Today, Bulatlat marks its 10th anniversary. While we have every reason to celebrate this occasion — we have, after all, created a niche in the Philippine press through our own brand of incisive and progressive journalism — it is important to point out that the conditions that we set out to chronicle a decade ago that were, in fact, our raison d’être — economic backwardness, human-rights abuses, landlessness, political persecution, corruption, to name a few — still persist. That said, here’s to the next 10 years — and beyond!
By BENJIE OLIVEROS
MANILA — The Estrada impeachment hearing in 2001 was dubbed as the most popular, most watched telenovela during that time. This was reflective of the highly politicized atmosphere then. It also indicated that 15 years after People Power I in 1986 , the Filipino people once again felt the need to engage in direct political action to effect change. This was not surprising.
After the Marcos dictatorship was ousted from power, there was much hope that democracy would reign, social justice would be achieved, prosperity would follow, and the Filipino people would finally benefit from the country’s wealth and natural resources. But apart from the restoration of the people’s formal democratic rights, the release of political prisoners and the framing of the 1987 Constitution, which adopted international human rights laws, conventions, and principles, the Cory Aquino administration was marked by a series of coups d’état that made sure that the government drifted to the right; a bloody counterinsurgency campaign that resulted in two massacres (the Mendiola and Lupao massacres), the displacement of millions of peasants, an unprecedented number of victims of enforced disappearances, and the wanton display of brutality by paramilitary units (a photo of two members of a paramilitary unit holding the head of one of its victims graced the cover of a magazine, which was published by a human-rights organization.)
When a former general, Fidel V. Ramos, took over the reins of government in a hotly contested presidential election in 1992, the Filipino people began to hope once more. Ramos provided a vision of a country taking off from conditions of backwardness and widespread poverty. He fast-tracked the local implementation of the globalization project, opening up the country to foreign trade and investments. The Ramos administration auctioned off government-owned and -controlled corporations, thereby generating revenues for the government. However, after the government sold most of its valuable assets to foreign investors and their local partners, and when Southeast Asia was hit by a financial crisis that was triggered by capital flight, the illusions of a prospering economy disappeared.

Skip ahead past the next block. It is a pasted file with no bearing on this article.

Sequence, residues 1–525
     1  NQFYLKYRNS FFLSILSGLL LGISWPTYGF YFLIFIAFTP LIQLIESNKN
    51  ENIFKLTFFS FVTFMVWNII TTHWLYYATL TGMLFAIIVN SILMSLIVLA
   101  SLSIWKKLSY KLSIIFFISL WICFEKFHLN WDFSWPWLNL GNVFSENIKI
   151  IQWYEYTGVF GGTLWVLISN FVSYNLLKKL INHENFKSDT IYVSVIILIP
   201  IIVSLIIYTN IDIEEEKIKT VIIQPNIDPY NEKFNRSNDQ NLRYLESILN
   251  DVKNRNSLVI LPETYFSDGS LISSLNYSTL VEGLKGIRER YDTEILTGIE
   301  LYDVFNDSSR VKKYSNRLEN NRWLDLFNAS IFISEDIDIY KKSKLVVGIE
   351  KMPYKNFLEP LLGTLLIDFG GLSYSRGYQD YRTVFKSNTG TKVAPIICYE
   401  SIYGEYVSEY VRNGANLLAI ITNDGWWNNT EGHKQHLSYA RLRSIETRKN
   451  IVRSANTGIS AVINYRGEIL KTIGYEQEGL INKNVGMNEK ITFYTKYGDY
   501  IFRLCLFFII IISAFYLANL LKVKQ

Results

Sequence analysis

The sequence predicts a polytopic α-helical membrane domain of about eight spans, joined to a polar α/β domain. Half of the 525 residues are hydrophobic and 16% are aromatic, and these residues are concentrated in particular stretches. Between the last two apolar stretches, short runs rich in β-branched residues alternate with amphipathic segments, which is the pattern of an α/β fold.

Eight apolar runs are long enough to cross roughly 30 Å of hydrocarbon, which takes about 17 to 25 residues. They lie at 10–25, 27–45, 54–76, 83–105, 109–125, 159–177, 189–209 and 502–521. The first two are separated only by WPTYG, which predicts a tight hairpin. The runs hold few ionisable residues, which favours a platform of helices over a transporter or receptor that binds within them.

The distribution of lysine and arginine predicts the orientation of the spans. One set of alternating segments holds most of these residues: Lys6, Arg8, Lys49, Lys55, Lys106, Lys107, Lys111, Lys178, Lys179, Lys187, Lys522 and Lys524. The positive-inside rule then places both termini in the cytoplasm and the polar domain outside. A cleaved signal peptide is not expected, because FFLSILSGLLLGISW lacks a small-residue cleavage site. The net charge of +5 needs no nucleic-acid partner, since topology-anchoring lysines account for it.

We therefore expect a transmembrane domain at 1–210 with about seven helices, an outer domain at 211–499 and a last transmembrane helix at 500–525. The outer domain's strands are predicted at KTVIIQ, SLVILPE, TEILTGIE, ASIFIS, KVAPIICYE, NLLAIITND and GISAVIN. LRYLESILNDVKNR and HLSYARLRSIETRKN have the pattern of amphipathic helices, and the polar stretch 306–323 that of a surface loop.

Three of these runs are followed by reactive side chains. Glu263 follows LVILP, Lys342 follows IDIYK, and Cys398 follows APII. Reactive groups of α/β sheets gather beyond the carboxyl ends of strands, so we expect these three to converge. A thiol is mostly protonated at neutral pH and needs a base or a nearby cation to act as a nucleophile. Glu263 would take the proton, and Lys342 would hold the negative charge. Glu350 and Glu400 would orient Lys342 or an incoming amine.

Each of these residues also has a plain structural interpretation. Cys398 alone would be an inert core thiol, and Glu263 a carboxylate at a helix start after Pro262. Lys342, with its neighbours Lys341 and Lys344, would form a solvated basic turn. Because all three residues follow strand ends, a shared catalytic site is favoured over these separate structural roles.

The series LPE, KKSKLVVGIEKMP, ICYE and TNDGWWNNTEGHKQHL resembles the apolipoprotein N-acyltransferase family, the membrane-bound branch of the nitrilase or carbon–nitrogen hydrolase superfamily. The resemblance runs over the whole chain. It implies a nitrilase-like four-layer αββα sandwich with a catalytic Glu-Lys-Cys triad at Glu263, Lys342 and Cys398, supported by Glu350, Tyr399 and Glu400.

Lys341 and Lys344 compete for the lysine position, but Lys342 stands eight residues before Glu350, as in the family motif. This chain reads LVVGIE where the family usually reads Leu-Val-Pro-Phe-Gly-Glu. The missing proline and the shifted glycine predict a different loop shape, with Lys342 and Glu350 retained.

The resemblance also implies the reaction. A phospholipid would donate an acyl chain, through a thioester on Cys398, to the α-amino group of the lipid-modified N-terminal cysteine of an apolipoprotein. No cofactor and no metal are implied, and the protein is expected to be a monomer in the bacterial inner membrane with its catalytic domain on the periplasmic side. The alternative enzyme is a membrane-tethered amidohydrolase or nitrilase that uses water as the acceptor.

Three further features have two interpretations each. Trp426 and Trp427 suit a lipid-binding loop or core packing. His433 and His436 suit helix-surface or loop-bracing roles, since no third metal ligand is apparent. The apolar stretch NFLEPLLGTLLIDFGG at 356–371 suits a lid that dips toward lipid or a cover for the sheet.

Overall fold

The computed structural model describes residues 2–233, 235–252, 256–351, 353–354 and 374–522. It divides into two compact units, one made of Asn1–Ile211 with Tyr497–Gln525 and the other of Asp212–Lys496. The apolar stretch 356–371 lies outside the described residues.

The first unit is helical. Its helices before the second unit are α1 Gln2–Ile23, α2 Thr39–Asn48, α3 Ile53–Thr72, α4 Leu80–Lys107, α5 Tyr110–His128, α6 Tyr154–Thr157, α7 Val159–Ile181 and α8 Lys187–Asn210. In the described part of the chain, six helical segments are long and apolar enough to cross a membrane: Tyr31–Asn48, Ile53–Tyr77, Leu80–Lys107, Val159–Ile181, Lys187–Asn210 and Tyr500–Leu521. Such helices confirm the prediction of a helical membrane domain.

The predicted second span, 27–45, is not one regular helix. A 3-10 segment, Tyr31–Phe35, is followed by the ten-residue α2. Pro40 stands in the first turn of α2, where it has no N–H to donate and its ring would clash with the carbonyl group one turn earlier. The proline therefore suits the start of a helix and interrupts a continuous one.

Thus, the people pinned their hopes on Joseph Ejercito Estrada who projected himself as a champion of the masses. However, his administration was cut short by a people fed up with the brazen display of corruption and ostentatious living amid the worsening poverty. The Filipino people’s yearning for change was once again concretized by direct political action.
The period during and immediately after People Power II in 2001 was an opportune time to discuss issues and problems that confronted the Filipino people after the dictatorship was toppled. Why is life even more difficult for the Filipino people 15 years after the dictatorship? Why is another People Power uprising necessary? What are its limitations? Who was to replace Estrada, especially since the vice president then, Gloria Macapagal-Arroyo, was not very popular? The political atmosphere of the time was fertile ground to discuss not only why change did not come about after 15 years but also the path toward and the imperatives of change that would genuinely benefit the Filipino people.
At the same time, a new medium had been opened up for advocacy on issues: the Internet. The second People Power uprising, which toppled the Estrada administration, demonstrated how technology, in this case text messaging, could be used to mobilize people. But the Internet was still underutilized then. The “high technology” bubble in the US had burst by then and closures and retrenchments had doomed Silicon Valley, but in the Philippines, the Internet was just beginning to become popular.
Thus, Bulatlat was conceived and launched barely two weeks after Estrada stepped down from power and Arroyo assumed the presidency.
Arroyo turned out to be much worse than her predecessors. The Arroyo administration was the best example of the limitations of a People Power uprising and was the best argument for the need for thoroughgoing change. It demonstrated that a mere change in the people holding positions in government is not enough. Elite politics and rule was at its worst under the Arroyo regime. The corruption, the debasement of democratic processes, and the gross human-rights violations were second only to the Marcos dictatorship. Not only that, the economic crisis and the widespread poverty further worsened.